Articles by Wendy D. Bennett in JoVE
Fabrication of Periodic Gold Nanocup Arrays Using Colloidal Lithography Brent M. DeVetter1, Bruce E. Bernacki1, Wendy D. Bennett1, Alan Schemer-Kohrn1, Kyle J. Alvine1 1Pacific Northwest National Laboratory, Energy and Environment Directorate We demonstrate the fabrication of periodic gold nanocup arrays using colloidal lithographic techniques and discuss the importance of nanoplasmonic films.
Other articles by Wendy D. Bennett on PubMed
Hierarchically Porous Graphene As a Lithium-air Battery Electrode Nano Letters. Nov, 2011 | Pubmed ID: 21985448 The lithium-air battery is one of the most promising technologies among various electrochemical energy storage systems. We demonstrate that a novel air electrode consisting of an unusual hierarchical arrangement of functionalized graphene sheets (with no catalyst) delivers an exceptionally high capacity of 15000 mAh/g in lithium-O(2) batteries which is the highest value ever reported in this field. This excellent performance is attributed to the unique bimodal porous structure of the electrode which consists of microporous channels facilitating rapid O(2) diffusion while the highly connected nanoscale pores provide a high density of reactive sites for Li-O(2) reactions. Further, we show that the defects and functional groups on graphene favor the formation of isolated nanosized Li(2)O(2) particles and help prevent air blocking in the air electrode. The hierarchically ordered porous structure in bulk graphene enables its practical applications by promoting accessibility to most graphene sheets in this structure.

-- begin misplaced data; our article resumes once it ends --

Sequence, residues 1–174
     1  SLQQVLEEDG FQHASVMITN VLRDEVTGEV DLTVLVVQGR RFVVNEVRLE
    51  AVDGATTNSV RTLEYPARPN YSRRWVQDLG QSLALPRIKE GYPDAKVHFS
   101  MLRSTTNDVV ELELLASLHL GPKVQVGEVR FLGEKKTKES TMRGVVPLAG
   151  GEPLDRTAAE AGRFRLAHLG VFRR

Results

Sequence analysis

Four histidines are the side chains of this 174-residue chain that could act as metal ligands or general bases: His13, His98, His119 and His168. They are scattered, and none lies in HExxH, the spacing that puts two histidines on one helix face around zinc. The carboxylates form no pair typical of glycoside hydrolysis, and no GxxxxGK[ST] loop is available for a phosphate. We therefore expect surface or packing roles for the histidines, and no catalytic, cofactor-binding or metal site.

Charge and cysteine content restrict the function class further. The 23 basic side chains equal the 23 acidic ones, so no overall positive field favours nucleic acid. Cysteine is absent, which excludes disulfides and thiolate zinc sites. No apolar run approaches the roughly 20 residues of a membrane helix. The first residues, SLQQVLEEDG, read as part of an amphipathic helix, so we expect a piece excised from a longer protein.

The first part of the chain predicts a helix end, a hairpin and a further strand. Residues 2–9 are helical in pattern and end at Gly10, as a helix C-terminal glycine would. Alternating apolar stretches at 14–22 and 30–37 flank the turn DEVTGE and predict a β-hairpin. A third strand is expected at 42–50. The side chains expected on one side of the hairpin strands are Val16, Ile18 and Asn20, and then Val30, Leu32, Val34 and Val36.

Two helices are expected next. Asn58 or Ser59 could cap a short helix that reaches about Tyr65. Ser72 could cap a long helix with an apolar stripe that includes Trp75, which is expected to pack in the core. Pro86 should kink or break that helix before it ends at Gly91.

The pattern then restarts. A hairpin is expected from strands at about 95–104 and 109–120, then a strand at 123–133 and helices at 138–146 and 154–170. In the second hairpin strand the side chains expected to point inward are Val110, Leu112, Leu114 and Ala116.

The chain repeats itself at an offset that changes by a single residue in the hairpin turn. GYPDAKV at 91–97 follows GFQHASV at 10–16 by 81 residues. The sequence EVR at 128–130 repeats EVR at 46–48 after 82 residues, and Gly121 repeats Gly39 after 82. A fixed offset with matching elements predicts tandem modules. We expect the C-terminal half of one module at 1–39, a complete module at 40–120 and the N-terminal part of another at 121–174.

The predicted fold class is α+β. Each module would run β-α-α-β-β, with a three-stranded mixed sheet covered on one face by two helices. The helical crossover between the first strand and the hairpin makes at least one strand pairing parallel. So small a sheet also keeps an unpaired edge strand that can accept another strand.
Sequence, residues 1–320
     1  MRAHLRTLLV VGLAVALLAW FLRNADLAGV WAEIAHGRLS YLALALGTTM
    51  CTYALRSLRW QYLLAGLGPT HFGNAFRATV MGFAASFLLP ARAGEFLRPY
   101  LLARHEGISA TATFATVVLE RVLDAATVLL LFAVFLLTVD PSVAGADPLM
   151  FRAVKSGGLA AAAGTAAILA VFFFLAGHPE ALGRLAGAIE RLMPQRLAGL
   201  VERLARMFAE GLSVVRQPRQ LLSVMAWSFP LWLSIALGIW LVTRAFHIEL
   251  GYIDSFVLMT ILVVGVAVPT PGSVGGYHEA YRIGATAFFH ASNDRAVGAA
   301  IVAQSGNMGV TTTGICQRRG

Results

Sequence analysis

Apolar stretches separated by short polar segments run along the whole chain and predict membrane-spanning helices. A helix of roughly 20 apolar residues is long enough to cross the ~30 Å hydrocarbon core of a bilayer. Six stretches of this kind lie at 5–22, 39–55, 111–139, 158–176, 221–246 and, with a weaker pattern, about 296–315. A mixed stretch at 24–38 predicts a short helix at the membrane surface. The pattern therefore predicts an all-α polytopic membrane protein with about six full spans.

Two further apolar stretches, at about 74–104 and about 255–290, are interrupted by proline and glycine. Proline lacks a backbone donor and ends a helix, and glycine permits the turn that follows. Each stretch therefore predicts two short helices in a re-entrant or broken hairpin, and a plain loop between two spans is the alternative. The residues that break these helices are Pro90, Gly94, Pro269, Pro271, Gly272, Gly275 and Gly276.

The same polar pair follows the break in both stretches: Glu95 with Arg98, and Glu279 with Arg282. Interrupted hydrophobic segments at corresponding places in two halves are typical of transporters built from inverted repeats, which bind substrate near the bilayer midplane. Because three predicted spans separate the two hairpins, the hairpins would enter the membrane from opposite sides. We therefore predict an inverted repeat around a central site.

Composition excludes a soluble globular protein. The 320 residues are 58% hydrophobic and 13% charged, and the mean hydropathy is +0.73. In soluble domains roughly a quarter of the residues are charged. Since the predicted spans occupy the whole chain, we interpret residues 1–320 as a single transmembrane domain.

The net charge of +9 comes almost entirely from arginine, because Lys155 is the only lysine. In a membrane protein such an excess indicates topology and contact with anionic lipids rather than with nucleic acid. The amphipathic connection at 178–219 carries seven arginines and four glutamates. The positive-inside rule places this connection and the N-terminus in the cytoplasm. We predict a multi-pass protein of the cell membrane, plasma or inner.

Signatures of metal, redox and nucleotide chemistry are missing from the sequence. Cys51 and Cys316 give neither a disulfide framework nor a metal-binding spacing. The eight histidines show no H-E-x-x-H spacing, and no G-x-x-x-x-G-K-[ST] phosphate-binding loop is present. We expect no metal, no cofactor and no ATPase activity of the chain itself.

Manipulating Surface Reactions in Lithium-sulphur Batteries Using Hybrid Anode Structures Nature Communications. 2014 | Pubmed ID: 24402522 Lithium-sulphur batteries have high theoretical energy density and potentially low cost, but significant challenges such as severe capacity degradation prevent its widespread adoption. Here we report a new design of lithium-sulphur battery using electrically connected graphite and lithium metal as a hybrid anode to control undesirable surface reactions on lithium. Lithiated graphite placed in front of the lithium metal functions as an artificial, self-regulated solid electrolyte interface layer to actively control the electrochemical reactions and minimize the deleterious side reactions, leading to significant performance improvements. Lithium-sulphur cells incorporating this hybrid anodes deliver capacities of >800 mAh g(-1) for 400 cycles at a high rate of 1,737 mA g(-1), with only 11% capacity fade and a Coulombic efficiency >99%. This simple hybrid concept may also provide scientific strategies for protecting metal anodes in other energy-storage devices.